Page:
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        Space in Islamic Art

        View this Islamic Art: Mirror of the Invisible World video and image gallery of art objects related to the theme of 'space' and consider how they are reflective of Islamic culture.

        Space in Islamic Art

        The film explores the richness of Islamic art in objects big and small, from great ornamented palaces and the play of light in monumental mosques to the exquisite beauty of ceramics, carved boxes, paintings and metal work.

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        Great Mosque of Djenne: Mali, 1907

        This image depicts the Great Mosque of Djenne, the largest mud structure in the world that is still in use today. Djenne was named a UNESCO World Heritage site in 1988 to ensure the preservation of the historic mosque.

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        Great Mosque of Cordoba: 9 C. Spain

        Built by Abd al Rahman I, the Great Mosque of Cordoba evolved over the centuries, blending many architectural forms. In the 10th century, the elaborate Mirab was added with glass mosaic imported from Byzantium. During the 16th century, the building was converted into a cathedral.

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        Taj Mahal: 17 C. India

        Its perfect proportions and exquisite craftsmanship make the Taj Mahal one of the world’s most famous buildings. Built by the Mughal Emperor Shah Jahan in memory of his favorite wife, Mumtaz Mahal, 20,000 workers labored twelve years to complete it.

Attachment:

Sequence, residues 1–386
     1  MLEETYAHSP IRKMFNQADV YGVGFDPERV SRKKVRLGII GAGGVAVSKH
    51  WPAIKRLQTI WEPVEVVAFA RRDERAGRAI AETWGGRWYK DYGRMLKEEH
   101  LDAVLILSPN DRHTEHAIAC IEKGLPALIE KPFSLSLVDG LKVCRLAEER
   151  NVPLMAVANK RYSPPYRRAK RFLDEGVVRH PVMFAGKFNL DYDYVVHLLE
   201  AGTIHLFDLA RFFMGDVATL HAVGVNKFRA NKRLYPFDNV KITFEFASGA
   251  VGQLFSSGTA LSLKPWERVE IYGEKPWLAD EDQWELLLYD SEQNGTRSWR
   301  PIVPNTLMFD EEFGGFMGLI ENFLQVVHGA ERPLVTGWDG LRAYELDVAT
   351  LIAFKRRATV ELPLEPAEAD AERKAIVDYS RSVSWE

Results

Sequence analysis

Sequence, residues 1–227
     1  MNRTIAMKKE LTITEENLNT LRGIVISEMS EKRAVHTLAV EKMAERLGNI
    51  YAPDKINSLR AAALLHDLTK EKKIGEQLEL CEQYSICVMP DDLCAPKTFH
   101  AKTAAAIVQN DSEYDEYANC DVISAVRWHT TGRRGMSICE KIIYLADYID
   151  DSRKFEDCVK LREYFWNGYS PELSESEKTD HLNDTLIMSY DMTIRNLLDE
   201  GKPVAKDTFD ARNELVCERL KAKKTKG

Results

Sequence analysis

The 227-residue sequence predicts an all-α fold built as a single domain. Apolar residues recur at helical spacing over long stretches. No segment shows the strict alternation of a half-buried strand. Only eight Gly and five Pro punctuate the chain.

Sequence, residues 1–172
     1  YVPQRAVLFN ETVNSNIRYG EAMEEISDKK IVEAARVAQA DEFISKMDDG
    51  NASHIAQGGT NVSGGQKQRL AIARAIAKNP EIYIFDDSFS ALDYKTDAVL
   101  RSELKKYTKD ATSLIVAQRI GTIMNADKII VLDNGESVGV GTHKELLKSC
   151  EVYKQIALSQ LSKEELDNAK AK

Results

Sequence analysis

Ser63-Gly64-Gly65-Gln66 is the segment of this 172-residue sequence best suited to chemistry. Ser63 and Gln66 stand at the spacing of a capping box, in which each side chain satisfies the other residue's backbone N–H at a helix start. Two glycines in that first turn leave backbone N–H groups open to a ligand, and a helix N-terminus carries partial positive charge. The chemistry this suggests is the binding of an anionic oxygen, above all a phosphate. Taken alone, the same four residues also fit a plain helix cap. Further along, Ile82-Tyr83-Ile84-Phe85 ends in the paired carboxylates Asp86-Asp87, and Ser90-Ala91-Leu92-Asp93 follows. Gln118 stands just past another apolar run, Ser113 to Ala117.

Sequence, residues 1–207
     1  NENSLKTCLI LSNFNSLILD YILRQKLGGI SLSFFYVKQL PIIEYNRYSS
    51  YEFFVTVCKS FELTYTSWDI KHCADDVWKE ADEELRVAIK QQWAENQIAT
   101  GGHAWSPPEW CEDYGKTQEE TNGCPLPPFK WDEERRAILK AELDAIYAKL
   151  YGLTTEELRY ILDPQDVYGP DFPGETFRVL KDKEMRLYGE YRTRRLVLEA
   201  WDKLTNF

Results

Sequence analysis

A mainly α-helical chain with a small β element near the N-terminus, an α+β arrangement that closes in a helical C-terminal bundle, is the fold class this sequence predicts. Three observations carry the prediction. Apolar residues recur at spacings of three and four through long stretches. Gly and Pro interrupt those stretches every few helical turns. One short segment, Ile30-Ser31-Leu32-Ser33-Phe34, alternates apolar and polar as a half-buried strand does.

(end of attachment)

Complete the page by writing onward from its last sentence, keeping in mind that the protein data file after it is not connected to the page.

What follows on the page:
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        Shaykh Lutfallah Mosque: 17 C. Iran

        The Shaykh Lutfallah mosque, built by Shah 'Abbas I in 1617, is located at the center of the east side of Isfahan's maydan, built by Shah 'Abbas I between 1590 and 1602. The maydan was an expression of Isfahan's emergence as the new political and economic capital of the Safavid dynasty. It is a multifunctional space with intensive mercantile activity as well as a place for royal ceremonial rituals, royal caravanseri, baths, a royal mint, and a hospital. The mosque was named in 1622 after Shaykh Lutfallah Maysi al-'Amili, a prominent religious scholar and teacher.

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        The Dome of the Rock: 7 C. Jerusalem

        The Dome of the Rock was built by the Umayyad Caliph Abd al-Malik and completed in 691 A.D. While it is considered one of the earliest and most admired Islamic monuments, the original purpose for its creation has been the subject of much debate. Its location on the top of Mount Moriah, which is also known as Temple Mount, associates the building with a rich tradition of Jewish and Christian narratives.

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